By 1879, significant numbers of Black people started immigrating to Alberta from Oklahoma, as they had been unable to find equality despite being experienced farmers and were increasingly alarmed by a series of Ku Klux Klan lynchings. In Canada, however, they had to contend with attempts to prevent Black immigration.


As Canada moved into the 20th century, many of the Black communities founded before and just after Confederation established organizations and institutions that fostered their unique Canadian identities. More communities and organizations were introduced across Canada as immigration policies that had discriminated against Black people, amongst others, were abolished or reformed.

Over the course of the last 4 centuries, Black people have shaped their own identities in Canada while making important contributions to Canadian society.

Legacies and Institutions


Through nearly 4 centuries in what is now Canada, Black women have shaped their own identities while taking decisive actions to help ensure the survival, preservation, and growth of families and communities. As advocates and catalysts for change, Black women have created many important organizations that have advanced equality and human rights.

Midwives of the African Nova Scotian Communities

People of African descent have been in Nova Scotia since the early 1600’s. Larger migrations came during the late 1700’s to the early 1900’s. Through the early days of struggle, they had to be self-reliant. Helping bring new generations of babies into the world, midwives were an essential part of the African-Nova Scotian existence.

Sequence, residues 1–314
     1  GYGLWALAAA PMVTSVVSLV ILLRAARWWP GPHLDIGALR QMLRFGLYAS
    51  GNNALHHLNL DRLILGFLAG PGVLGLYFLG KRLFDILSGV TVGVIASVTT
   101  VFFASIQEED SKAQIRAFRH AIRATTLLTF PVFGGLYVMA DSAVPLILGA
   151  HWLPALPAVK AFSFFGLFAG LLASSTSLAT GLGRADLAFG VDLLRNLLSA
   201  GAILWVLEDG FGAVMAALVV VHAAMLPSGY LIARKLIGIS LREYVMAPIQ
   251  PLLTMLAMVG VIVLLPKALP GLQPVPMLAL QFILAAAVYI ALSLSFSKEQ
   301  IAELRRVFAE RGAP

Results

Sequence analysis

Midwives left their home at any hour of the night under many conditions to aid in the safe arrival of babies. Arriving with satchel in hand, their tools were clean cloths, scissors, and usually something to assist in making a meal. These women came not only to help with labour, they also helped maintain the family home and often stayed until the mothers were back on their feet.

Their experience, courage, and ultimately their faith guided them through regular deliveries and challenging birth situations. Their goals were to ensure babies took their first breath, and to keep hope even when the Doctor present had given up on a baby. Midwives went where they were needed, which sometimes took them into the surrounding white communities to assist with deliveries when the Doctor could not make it. Within the Black Communities in Nova Scotia, midwives delivered generations of babies well into the 1960’s.